I have walked across the Thames in London many times on my way to work, over a variety of bridges and I always briefly stop to look up or down the river, but I can’t help feeling that striding across the Brooklyn Bridge each morning would somehow provide a more rewarding start to the day.
Member Rating 3 out of 5 on May 18, 2003
Access At Tillary Street And Boerum Place
Attraction | "The Metropolitan Museum of Art"
Thankfully floor plans in a variety of languages are available inside the great hall, before you enter the main museum proper. This means that you can grab a plan and decide what you want to see before being swept up with the masses of visitors and believe me you will want to do this. The museum is a maze of smaller galleries and annexes and if you do not have a definite plan in mind you could end up walking around the medieval galleries in perpetuity.
Although the $15.00 entrance fee is labelled as a voluntary donation everybody simply queues up, asks for their tickets and hands over the money, but you don’t have to pay the full $15.00 if you would rather not. There are a couple of free cloakrooms available but the queues for these are obscene so, if you know you are going to visit the museum, leave that heavy coat and your backpack at the hotel.
Notable exhibits include the Temple of Dendur. The temple is displayed in its entirety, as it would have been in ancient Egypt. It was a reward to the USA for the money and assistance they donated helping the Egyptian government to rescue numerous temples from the rising waters of the newly formed Lake Nasser after the construction of the Aswan High Dam.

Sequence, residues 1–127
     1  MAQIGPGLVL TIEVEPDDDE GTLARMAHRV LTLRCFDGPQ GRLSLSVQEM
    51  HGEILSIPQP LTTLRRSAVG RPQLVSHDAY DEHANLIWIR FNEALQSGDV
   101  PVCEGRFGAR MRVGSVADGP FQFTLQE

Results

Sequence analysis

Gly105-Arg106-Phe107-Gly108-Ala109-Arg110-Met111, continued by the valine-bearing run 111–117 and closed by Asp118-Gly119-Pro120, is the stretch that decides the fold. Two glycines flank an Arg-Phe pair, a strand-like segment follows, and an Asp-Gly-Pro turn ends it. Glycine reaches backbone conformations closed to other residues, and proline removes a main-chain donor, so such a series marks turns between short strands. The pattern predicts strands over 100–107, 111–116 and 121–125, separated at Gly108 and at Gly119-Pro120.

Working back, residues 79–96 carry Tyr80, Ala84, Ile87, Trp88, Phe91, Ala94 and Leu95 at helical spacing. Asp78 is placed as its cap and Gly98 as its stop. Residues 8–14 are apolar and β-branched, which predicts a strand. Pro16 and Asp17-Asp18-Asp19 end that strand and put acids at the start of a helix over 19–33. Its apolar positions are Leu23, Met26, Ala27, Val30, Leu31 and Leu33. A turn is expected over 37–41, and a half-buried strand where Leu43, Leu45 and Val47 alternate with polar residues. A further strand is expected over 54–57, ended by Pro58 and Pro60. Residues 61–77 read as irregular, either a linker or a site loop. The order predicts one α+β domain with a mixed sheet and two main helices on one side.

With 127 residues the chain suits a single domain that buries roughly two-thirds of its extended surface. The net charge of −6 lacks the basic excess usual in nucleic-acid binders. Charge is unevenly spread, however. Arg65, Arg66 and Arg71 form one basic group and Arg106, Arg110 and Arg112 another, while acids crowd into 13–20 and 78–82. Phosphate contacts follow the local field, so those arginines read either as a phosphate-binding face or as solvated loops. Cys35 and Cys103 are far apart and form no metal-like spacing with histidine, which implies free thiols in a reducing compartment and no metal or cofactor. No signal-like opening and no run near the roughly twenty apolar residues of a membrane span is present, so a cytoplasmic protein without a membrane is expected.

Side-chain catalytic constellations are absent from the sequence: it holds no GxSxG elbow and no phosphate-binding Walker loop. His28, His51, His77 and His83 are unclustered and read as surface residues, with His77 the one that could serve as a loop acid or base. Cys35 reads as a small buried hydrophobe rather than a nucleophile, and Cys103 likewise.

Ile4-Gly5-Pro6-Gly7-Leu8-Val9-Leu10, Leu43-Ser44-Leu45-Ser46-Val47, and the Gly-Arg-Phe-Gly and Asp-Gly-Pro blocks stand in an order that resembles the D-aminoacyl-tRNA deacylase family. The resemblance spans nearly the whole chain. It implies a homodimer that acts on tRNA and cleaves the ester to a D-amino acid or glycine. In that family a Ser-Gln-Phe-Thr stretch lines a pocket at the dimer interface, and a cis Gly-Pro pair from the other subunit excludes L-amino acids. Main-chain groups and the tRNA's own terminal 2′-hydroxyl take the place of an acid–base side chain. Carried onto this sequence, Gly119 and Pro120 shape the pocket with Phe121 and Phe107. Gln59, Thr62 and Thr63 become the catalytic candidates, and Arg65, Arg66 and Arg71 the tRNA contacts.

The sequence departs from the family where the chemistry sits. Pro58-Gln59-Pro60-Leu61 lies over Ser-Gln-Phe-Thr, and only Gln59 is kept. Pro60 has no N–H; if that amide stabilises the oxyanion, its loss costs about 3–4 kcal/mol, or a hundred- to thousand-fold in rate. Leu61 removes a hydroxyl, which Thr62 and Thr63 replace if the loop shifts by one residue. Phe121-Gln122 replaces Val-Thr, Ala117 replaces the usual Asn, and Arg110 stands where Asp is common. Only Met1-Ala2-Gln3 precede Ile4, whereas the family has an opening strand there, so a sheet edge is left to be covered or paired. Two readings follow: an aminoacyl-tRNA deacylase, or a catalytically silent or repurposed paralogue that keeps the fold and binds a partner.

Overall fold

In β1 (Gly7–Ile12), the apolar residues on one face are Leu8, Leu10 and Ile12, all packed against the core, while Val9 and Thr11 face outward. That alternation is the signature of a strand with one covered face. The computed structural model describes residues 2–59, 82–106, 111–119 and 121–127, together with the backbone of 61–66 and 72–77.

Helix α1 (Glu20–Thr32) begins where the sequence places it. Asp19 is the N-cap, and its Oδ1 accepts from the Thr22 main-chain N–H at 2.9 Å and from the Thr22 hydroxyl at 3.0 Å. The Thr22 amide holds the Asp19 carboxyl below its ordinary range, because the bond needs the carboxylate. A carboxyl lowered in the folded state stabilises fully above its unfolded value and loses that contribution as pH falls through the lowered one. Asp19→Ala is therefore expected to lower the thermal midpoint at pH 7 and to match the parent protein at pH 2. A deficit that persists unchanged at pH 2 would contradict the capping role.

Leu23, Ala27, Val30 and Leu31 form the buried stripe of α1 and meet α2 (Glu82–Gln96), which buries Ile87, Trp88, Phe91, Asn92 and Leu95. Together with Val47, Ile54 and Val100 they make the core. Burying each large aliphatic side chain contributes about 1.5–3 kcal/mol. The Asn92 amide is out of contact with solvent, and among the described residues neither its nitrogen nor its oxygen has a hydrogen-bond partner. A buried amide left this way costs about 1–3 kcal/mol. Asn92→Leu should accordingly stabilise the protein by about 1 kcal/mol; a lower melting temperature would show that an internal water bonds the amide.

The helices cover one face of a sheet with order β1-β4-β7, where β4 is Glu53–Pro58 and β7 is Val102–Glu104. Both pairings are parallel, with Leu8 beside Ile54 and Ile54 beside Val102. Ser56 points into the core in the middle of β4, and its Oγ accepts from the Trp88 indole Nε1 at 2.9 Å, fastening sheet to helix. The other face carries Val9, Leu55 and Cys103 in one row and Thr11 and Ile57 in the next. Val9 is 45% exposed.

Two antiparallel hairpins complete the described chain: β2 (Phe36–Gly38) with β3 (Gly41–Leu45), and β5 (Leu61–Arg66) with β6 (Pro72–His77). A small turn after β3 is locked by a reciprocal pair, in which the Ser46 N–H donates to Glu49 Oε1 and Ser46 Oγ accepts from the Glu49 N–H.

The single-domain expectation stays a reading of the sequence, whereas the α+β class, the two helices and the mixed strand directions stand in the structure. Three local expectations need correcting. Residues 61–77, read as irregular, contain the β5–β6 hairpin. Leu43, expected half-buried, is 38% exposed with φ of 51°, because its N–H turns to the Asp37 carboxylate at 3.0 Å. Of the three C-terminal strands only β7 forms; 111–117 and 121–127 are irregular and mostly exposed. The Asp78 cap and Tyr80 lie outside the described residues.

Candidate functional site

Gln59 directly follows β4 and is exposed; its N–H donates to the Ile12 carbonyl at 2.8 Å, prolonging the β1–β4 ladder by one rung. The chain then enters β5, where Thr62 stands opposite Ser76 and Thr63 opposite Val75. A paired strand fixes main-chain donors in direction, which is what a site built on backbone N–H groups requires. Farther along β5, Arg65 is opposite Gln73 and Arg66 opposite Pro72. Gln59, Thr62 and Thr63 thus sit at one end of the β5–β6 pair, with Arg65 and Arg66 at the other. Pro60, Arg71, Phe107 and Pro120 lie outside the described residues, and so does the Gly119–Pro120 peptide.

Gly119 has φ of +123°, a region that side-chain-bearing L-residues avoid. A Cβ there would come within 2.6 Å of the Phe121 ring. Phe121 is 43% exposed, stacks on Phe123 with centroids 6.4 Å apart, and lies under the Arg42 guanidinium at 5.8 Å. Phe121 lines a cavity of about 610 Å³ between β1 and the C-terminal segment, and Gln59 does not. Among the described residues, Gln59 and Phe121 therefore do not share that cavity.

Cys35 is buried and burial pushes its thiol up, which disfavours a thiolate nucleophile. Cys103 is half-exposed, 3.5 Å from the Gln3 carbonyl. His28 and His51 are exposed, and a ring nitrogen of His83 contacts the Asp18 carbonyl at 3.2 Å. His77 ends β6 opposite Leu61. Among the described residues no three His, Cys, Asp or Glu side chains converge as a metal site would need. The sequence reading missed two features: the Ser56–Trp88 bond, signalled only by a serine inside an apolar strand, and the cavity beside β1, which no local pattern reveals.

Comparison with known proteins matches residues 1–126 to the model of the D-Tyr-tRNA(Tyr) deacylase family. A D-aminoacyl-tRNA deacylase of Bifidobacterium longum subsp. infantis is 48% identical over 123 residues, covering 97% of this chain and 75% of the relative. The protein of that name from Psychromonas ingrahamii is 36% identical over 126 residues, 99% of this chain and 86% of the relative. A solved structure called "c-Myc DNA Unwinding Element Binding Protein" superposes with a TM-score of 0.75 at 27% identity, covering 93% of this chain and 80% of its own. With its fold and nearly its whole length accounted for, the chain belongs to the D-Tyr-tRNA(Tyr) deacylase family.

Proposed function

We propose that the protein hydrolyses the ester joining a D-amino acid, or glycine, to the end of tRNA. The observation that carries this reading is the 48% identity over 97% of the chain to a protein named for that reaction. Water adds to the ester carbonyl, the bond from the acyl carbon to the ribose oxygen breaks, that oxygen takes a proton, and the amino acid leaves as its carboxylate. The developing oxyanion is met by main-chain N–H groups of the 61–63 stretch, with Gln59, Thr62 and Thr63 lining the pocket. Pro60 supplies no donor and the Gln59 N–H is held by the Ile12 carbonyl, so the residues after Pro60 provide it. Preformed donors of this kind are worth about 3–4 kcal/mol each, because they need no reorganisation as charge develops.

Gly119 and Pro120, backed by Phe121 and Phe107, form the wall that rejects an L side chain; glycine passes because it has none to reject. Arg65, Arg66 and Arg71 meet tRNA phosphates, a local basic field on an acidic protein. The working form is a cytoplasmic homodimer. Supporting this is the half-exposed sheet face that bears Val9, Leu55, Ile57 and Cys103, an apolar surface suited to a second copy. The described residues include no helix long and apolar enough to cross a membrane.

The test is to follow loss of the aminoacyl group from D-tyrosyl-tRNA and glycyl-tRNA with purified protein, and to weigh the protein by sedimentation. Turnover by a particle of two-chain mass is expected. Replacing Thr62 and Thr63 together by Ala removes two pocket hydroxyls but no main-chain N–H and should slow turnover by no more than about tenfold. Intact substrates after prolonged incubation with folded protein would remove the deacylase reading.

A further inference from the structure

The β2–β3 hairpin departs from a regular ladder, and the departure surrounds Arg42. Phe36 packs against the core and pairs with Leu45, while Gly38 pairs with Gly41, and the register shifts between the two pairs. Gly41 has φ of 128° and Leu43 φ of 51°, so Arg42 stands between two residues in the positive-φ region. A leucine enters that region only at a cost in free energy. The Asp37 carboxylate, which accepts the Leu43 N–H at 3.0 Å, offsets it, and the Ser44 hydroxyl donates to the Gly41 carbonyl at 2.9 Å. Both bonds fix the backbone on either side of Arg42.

If the evolution of weapons is your thing spend some time in the Armoury. The Japanese collection of armour and swords is exquisite. There is a very impressive display of armour from Tudor times, most of which were manufactured in Greenwich, London at the height of King Henry VIII’s reign.
Also of note are the Islamic galleries. Pieces include one of the oldest surviving chess sets, missing only a single pawn and some excellent pottery and textiles from Persia.
Finally, if you have the time, take a look at the impressionist works in the late 19th and early 20th century galleries on the second floor. The museum houses an unrivalled collection of art from this period.
The museum is very hard work but the effort is definitely worth it. Don’t visit any other museums on the same day, you will not survive the information overload!
Member Rating 3 out of 5 on April 16, 2003
Metropolitan Museum of Art
1000 Fifth Avenue
New York, New York 10028
Caterham, United Kingdom